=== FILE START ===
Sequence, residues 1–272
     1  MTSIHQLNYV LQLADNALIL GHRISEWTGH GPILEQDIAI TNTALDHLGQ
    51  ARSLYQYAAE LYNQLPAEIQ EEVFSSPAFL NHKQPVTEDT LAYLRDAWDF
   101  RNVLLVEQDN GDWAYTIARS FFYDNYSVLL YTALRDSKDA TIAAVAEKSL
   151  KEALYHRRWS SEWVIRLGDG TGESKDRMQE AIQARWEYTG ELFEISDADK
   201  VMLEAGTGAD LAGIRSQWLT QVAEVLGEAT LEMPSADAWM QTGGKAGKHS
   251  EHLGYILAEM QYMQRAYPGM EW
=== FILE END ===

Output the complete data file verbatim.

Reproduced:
Sequence, residues 1–272
     1  MTSIHQLNYV LQLADNALIL GHRISEWTGH GPILEQDIAI TNTALDHLGQ
    51  ARSLYQYAAE LYNQLPAEIQ EEVFSSPAFL NHKQPVTEDT LAYLRDAWDF
   101  RNVLLVEQDN GDWAYTIARS FFYDNYSVLL YTALRDSKDA TIAAVAEKSL
   151  KEALYHRRWS SEWVIRLGDG TGESKDRMQE AIQARWEYTG ELFEISDADK
   201  VMLEAGTGAD LAGIRSQWLT QVAEVLGEAT LEMPSADAWM QTGGKAGKHS
   251  EHLGYILAEM QYMQRAYPGM EW